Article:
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Photo by Alena Kutsenko
There’s no layoffs (although hours and seasonal hires are being cut), but travel to/from their home countries of Russia and Ukraine is even more of a hassle than for their neighbors from mainland Norway. The economic situation is also somewhat better because they’re maintaining significant coal mining activity, but nobody’s been vaccinated yet.
Call it a classic case of “same same, but different” compared to Longyearbyen as Svalbard’s Russian settlements of Barentsburg and Pyramiden struggle with the impacts of the COVID-19 pandemic and this week’s long list of new restrictions threatening to choke off much of the already subpar the spring and Easter tourism season.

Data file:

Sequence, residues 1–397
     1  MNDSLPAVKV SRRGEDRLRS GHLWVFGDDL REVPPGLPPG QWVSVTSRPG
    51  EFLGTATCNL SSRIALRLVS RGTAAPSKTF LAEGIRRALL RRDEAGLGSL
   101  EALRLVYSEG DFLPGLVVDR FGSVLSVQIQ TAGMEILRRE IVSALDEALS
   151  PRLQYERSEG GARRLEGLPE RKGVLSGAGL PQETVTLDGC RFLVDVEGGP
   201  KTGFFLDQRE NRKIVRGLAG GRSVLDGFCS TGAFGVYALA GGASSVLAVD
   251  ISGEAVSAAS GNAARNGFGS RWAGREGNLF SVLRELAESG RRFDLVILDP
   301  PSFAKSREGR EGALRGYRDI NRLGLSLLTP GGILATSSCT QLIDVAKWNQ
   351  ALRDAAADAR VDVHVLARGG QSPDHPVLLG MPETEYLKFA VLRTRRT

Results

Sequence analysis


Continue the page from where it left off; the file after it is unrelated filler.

About Post Author
I'm a professional transient living on a tiny Norwegian island next door to the North Pole, where once a week (or thereabouts) I pollute our extreme and pristine environment with paper fishwrappers decorated with seemingly random letters that would cause a thousand monkeys with a thousand typewriters to die of humiliation. Such is the wisdom one acquires after more than 25 years in the world's second-least-respected occupation, much of it roaming the seven continents in search of jazz, unrecognizable street food and escorts I f****d with by insisting they give me the platonic tours of their cities promised in their ads. But it turns out this tiny group of islands known as Svalbard is my True Love and, generous contributions from you willing, I'll keep littering until they dig my body out when my climate-change-deformed apartment collapses or they exile my penniless ass because I'm not even worthy of washing your dirty dishes.